Thank you for your patience and kindness, it is much appreciated” – you are welcome, and thank you for the same!

    anita

     

    #396832
    Helcat
    Participant

    @anita

    Thank you for your understanding!

    I hope that connecting and expressing my anger will improve my mental health. If it help with chronic pain that would be a bonus.

    In my mind, this is all very present at the moment. If that makes sense? I’m referring to my last memories of her as a teenager vs my memories of her when I was a child. As I said, there were dramatic differences between how she used to be compared to what she became. As a child I saw her as a monster and was terrified of her. In my last memory of her in person, she didn’t inspire fear, instead I pitied her.

    #396833
    anita
    Participant

    Dear Helcat:

    You are welcome.

    Expressing my anger… If it helps with chronic pain that would be a bonus” – (assuming that you researched much more thoroughly the topic of anger and pain than the tiny mini-study that I just did, you are welcome to skip it): practical pain management: “anger has been linked to inflammation, particularly with blood levels of c-reactive protein and interleukin-6. Anger may function as a predisposing factor, but may also be a precipitating, exacerbating, or perpetuating factor in pain”, psychology today: “suppressing anger has been linked to an increase in pain intensity ratings”,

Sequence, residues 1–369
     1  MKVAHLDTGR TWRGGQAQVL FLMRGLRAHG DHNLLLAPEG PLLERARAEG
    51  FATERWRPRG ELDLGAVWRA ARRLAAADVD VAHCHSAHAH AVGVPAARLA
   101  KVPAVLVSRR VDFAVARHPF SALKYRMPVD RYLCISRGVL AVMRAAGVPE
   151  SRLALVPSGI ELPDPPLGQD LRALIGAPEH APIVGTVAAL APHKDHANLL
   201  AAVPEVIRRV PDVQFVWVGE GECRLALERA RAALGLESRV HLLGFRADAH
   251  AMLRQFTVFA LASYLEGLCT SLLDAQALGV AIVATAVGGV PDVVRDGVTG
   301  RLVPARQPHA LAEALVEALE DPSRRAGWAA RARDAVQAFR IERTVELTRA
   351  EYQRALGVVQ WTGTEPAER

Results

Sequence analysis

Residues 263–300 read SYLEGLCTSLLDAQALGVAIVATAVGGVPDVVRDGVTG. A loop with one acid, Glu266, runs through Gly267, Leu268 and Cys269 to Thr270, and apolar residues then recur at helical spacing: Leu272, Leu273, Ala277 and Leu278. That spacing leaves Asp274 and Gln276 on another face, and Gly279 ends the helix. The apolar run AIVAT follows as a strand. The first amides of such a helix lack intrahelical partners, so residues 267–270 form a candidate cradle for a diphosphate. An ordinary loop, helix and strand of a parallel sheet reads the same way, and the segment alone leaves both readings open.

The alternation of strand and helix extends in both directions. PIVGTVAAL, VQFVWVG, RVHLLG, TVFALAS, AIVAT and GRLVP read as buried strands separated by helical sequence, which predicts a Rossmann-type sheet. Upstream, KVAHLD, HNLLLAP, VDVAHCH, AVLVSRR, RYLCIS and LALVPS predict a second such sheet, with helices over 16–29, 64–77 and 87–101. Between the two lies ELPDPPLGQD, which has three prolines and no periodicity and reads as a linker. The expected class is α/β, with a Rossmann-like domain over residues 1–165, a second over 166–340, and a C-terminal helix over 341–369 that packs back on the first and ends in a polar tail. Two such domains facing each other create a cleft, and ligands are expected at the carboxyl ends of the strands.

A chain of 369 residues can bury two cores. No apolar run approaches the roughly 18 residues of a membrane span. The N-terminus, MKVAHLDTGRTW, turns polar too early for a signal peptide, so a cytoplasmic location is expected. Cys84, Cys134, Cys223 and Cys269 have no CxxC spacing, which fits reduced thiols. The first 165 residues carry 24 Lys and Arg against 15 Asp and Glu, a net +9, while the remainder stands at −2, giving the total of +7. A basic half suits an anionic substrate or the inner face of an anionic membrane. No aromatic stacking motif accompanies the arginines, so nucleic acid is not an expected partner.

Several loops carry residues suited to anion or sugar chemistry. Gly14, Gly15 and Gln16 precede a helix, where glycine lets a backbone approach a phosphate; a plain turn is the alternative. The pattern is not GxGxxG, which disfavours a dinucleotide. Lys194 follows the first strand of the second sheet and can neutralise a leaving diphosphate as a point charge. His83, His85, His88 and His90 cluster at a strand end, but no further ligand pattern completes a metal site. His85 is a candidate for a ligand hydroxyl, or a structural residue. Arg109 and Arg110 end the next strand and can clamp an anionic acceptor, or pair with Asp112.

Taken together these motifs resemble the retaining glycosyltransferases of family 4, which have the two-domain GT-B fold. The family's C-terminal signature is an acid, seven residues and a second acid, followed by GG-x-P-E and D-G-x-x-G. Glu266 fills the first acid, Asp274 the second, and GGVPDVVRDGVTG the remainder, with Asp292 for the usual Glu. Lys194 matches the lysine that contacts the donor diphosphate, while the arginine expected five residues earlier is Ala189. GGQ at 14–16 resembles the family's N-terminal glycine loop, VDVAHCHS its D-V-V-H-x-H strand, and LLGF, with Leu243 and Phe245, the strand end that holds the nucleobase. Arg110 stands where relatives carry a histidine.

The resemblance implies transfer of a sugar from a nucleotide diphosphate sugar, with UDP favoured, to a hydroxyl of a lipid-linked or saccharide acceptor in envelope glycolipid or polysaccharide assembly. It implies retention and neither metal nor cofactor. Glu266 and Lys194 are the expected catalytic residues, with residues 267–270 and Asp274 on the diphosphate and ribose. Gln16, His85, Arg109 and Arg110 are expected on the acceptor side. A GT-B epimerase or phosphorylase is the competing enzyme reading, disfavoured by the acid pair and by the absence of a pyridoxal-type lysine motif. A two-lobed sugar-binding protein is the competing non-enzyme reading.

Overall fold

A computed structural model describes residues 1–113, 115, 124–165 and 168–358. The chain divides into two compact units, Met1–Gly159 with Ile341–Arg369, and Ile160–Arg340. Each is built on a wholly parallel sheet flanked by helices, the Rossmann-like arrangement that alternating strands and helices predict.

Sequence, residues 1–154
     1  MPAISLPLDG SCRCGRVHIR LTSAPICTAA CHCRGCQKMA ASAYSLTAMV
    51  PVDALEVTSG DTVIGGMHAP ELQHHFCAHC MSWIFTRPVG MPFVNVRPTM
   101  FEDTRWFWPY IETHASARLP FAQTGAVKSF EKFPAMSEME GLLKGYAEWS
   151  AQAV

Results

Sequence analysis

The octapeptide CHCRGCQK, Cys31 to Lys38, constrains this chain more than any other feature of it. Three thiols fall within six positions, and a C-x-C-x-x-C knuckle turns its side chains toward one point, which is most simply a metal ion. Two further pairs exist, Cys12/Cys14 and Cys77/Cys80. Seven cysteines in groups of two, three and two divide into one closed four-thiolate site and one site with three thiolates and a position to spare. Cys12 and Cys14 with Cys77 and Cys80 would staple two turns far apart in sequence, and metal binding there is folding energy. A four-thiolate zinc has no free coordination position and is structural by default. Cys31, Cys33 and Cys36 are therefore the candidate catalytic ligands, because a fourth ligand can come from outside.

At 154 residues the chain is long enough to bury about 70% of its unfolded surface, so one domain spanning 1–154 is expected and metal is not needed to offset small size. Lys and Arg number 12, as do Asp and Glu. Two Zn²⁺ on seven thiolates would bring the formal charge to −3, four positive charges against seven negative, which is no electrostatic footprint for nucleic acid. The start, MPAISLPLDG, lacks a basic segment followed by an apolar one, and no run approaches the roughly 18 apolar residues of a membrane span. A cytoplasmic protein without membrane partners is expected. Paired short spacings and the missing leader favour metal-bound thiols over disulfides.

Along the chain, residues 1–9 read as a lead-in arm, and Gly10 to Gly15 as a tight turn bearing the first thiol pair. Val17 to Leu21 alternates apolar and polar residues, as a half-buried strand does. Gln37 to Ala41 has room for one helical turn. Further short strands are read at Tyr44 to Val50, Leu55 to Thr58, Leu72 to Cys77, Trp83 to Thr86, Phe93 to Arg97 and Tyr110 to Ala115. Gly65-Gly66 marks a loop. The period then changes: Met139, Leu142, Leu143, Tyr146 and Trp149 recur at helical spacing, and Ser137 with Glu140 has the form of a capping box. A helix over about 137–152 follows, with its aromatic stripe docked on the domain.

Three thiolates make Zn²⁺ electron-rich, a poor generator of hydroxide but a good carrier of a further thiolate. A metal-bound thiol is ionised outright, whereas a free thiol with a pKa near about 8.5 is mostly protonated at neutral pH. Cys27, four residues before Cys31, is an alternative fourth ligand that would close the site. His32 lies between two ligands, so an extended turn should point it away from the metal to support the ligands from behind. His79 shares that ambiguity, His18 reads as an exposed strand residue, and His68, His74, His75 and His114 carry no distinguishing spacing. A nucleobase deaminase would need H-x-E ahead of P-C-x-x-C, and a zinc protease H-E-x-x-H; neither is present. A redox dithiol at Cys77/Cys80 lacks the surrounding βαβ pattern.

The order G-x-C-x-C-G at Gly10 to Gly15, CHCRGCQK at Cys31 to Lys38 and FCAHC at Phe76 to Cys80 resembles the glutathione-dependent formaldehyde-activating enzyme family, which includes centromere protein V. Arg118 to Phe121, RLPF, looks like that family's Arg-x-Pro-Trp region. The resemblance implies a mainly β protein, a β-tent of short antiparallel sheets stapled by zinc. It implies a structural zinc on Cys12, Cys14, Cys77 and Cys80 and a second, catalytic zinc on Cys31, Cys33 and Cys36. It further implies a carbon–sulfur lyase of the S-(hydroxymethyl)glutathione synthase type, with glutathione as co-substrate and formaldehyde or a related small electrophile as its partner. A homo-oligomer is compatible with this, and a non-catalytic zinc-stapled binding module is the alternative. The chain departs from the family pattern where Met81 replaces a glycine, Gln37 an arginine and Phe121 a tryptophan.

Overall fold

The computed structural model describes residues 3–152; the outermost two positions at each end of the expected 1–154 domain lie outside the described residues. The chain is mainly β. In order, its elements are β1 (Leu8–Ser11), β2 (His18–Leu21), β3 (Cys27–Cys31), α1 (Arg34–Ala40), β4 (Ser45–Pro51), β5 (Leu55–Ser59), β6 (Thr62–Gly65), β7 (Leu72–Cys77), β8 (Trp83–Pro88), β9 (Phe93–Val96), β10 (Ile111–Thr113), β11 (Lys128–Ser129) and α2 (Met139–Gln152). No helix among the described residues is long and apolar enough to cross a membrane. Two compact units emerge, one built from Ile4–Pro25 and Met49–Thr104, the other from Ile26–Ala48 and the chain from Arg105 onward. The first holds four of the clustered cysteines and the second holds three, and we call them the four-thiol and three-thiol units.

Deuterman law group: “Anger can increase sensitivity and muscle tension, increasing pain… According to a research report by the International Association for the Study of Pain… ‘Anger is associated with pain intensity in many chronic pain conditions, including headache, fibromyalgia, complex regional pain syndrome, and back pain,’ the study authors write… Certainly, letting go of anger won’t make your pain disappear when you’re dealing with fibromyalgia, back injuries, or other painful medical conditions. But anger management strategies, a change in mindset, and techniques like meditation, mindfulness and cognitive behavior therapy may help you manage your pain better and have a positive impact on your quality of life”.